2. Review the Windshield Survey Components handout and PowerPoint (see Brightspace Lecture PPTS).

3. Review Community Tool Box resources for Windshield Survey:

4. Use Google Maps (or other navigation software) to identify boundaries of assigned area.

5. Collect assessment data on essential demographic and other aspects of the community using the guidelines below: [Support your assessment data with actual images/videos taken with your camera or available online]

The essential components of the Community Assessment are listed below:   

Schools: Describe the educational system for the community including public, private, and alternative schools. Supportive evidence is helpful for the community nurse to make assessments about the community.  Remember schools range from pre-schools to colleges and universities. Supportive data may include:

· How many schools are in the area and which level of student to they serve?

· How many private school options are there in this community? What types of private institutions are represented (religious affiliation, Montessori, academic driven)?

· What are the public schools rating/ranking?

· What is the high school graduation rate? How does it compare to the state or national averages?

Transportation: Include photos of cars, buses, trains, ferries, trolleys, bicycles, and pedestrians.  Photos of people utilizing the various types of transportation would be appropriate for your windshield survey.  Noting the safety measures (bike lanes, safe crosswalks, etc.) is helpful.   Which type(s) of transportation seems to be the most predominant in the community? 

· Is the public transportation accessible and provide good transportation options for community residents?

· Where is the closest/local airport?

· What are the major highways that are close to the area?

Health Status of the Community : Evaluate the vital health statistics for the area. For example, note what mortality rates are. And morbidity rates for chronic conditions in particular.  Is there a specific health problem with a high incidence/prevalence rate in the community or a health problem within the community related to the environment (e.g. a problem of air pollution and high community rates of respiratory infection)? Is there high risk of non -communicable disease (e.g. Lead exposure)? Are there high risks of communicable diseases? (e.g. Tuberculosis; Covid-19)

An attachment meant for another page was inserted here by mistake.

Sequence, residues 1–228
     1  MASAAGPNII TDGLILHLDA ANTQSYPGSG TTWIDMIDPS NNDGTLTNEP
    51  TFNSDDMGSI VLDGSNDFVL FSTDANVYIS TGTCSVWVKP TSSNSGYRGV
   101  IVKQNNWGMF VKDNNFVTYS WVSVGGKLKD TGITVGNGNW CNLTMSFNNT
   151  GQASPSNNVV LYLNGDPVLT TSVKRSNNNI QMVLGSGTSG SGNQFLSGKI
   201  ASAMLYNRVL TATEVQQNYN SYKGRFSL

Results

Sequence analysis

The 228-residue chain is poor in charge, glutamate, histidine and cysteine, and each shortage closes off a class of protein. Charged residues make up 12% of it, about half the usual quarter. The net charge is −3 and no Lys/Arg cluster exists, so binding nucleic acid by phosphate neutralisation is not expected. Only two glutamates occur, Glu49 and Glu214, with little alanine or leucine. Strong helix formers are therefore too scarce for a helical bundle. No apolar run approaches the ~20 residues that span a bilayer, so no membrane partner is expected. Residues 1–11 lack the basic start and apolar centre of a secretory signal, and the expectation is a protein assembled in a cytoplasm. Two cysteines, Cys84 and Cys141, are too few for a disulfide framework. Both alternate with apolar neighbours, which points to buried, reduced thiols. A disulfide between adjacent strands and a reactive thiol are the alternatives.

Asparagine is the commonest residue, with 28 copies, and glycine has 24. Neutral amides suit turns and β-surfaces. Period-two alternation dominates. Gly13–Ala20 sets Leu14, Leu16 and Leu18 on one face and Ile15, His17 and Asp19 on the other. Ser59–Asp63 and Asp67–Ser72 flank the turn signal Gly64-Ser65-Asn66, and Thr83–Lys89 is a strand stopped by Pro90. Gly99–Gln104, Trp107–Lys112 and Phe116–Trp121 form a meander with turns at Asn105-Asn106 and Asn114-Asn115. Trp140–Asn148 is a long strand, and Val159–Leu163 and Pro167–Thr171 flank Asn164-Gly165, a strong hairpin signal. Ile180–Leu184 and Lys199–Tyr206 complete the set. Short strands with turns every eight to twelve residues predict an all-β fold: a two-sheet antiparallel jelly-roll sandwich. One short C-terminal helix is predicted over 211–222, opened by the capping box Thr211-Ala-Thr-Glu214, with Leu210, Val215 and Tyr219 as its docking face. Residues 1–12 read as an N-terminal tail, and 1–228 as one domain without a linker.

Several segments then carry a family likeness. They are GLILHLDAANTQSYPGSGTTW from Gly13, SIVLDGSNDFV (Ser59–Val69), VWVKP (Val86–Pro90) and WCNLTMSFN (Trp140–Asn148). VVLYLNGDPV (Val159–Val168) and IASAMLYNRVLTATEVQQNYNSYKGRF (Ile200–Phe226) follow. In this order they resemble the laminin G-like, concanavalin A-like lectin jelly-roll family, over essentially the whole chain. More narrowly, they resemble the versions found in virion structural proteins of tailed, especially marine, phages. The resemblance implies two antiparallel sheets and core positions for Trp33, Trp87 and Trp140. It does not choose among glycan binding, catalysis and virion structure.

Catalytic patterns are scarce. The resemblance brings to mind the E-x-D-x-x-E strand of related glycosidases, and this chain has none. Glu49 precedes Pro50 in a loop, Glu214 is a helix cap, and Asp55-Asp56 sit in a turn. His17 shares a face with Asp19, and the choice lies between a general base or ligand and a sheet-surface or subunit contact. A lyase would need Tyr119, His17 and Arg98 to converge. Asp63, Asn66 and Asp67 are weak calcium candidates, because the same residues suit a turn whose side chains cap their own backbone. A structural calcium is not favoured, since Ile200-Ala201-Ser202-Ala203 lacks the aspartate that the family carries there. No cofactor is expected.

Case Management: How is the community health presently being monitored? What current collaboration is taking place and what is required to provide continuity of care in the community treatment plan? What stakeholders can you identify? Include Federal, State, local, and private agencies that may be involved. Include the major hospitals and identified that medical/dental/vision/addiction services were readily available. Are there any collected statistics and data to show how readily available healthcare services are in the community? How are people with minimal or no insurance provided care or access to care?

Part 2: Analysis of Assessment Data

1. Based on your observations from the windshield survey, identify strengths of the community.

2. List and prioritize 5 potential community risk factors (weaknesses).

3. Identify community resources that may help address the highest priority weakness (either currently in existence or something you propose to help address this problem).